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Thermodynamics: Vertical pipe flow of geothermal water

  1. Mar 4, 2013 #1
    1. Water at T1=240 C and P1=16 MPa is at 2 km depth. A drilling hole with diameter 0.2 m has the water flowing up with mass flow rate at 2 kg/s. The hole is considered adiabatic(no heat transfer).
    I need to find the following values at the top of the hole:
    Enthalpy(h), temperature(T2), pressure(P2) and steam percentage(x) of the water.

    There is no pipe friction. At the top of the hole there is a throttling valve which leads to further piping(so the pressure can not be considered to be 1 atm).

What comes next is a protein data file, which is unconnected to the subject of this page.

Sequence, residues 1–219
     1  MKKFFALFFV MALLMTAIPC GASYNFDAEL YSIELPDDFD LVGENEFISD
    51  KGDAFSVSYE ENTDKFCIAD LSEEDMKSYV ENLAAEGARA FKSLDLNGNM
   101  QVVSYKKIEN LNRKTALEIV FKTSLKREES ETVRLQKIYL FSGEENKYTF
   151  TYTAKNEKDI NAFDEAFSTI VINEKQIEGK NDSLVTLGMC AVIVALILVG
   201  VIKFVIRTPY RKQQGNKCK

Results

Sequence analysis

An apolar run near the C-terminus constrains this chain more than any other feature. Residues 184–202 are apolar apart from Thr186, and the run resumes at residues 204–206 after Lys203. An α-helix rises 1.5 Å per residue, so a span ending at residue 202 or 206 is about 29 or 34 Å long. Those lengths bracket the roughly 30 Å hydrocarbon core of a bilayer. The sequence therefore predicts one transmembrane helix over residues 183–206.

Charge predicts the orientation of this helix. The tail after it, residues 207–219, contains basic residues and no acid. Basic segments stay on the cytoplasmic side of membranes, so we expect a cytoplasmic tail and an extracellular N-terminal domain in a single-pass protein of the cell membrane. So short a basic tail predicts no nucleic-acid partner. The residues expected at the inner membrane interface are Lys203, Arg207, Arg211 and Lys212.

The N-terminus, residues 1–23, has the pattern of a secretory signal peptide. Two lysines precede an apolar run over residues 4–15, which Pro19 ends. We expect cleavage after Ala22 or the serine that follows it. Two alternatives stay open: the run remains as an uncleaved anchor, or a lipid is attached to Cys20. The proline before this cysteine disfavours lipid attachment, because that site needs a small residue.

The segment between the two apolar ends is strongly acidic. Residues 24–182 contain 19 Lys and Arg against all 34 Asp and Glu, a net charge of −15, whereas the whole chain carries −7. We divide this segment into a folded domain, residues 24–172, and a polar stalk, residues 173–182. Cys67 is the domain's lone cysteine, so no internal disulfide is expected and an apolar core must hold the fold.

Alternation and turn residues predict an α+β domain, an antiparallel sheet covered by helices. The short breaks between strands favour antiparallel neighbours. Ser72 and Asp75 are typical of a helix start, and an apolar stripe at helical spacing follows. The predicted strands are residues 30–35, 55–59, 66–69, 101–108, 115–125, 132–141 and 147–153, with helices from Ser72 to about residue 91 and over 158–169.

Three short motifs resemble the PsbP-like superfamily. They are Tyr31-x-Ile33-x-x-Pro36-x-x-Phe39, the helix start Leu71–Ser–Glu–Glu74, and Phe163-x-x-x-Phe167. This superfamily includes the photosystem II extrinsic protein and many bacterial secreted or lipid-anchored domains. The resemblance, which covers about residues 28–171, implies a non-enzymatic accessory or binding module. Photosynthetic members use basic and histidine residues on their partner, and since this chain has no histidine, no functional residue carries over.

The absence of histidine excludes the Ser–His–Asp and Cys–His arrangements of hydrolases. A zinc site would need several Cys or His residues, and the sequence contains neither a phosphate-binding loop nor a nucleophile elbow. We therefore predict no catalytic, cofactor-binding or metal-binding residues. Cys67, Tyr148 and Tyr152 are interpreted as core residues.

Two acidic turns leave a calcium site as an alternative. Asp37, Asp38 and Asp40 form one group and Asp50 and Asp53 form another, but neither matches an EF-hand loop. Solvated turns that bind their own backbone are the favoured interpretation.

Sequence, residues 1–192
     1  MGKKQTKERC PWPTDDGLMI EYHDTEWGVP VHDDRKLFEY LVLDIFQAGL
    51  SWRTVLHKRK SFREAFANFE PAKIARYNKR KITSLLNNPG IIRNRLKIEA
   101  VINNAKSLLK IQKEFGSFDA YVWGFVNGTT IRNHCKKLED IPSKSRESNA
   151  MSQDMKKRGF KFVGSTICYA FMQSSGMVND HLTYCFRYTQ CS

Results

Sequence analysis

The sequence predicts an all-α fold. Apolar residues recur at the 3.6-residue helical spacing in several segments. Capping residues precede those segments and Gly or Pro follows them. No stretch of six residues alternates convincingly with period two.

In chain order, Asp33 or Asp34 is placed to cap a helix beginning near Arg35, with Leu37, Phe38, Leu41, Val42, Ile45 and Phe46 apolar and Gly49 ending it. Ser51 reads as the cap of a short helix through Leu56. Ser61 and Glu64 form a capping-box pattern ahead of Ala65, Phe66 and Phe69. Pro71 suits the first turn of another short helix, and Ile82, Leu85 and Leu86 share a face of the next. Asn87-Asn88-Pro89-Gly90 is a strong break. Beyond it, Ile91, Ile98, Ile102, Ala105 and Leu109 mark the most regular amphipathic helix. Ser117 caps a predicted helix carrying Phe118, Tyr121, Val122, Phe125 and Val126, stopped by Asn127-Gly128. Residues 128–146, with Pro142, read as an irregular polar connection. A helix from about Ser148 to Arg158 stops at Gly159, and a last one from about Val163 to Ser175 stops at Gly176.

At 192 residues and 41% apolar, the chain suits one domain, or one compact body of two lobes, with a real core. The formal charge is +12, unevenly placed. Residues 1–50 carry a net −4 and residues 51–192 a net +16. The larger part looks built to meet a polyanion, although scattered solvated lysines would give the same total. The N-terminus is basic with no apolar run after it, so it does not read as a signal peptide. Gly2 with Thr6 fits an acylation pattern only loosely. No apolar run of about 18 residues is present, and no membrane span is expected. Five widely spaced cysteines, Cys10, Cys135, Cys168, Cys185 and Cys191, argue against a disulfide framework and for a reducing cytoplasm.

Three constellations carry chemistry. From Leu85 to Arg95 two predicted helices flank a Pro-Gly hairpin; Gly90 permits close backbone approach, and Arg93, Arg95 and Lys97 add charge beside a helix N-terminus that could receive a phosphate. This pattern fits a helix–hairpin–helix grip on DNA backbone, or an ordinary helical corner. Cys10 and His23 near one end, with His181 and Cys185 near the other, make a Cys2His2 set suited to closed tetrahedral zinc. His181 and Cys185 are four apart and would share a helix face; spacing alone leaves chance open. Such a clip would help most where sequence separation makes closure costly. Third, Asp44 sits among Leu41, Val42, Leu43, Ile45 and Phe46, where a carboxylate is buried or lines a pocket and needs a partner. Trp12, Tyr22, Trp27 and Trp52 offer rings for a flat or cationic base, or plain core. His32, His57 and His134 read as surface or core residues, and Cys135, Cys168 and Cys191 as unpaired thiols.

3. The attempt at a solution
    The water is a compressed liquid in the beginning, so using saturated liquid values at T1 gives(from table):
    v1=0.001229 m^3/kg
    h1=1037.5 kJ/kg

    The initial velocity is V =0.078241 m/s, using massflowrate = ρ*A*V.

    The mass flow is steady, but as pressure drops with elevation the specific volume changes (I would think).
    I'm not sure how to begin solving this, any ideas/hints are very welcome.

    1. The problem statement, all variables and given/known data



    2. Relevant equations



    3. The attempt at a solution
     
  2. jcsd
  3. Mar 4, 2013 #2

    mfb

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    2016 Award

    Staff: Mentor

    The pressure gradient can be calculated with the density of your water and gravity. This should allow to calculate the system up to the point where water begins to boil, probably with approximations for the water density. Afterwards, I don't know how water and steam behave in the pipe.
     
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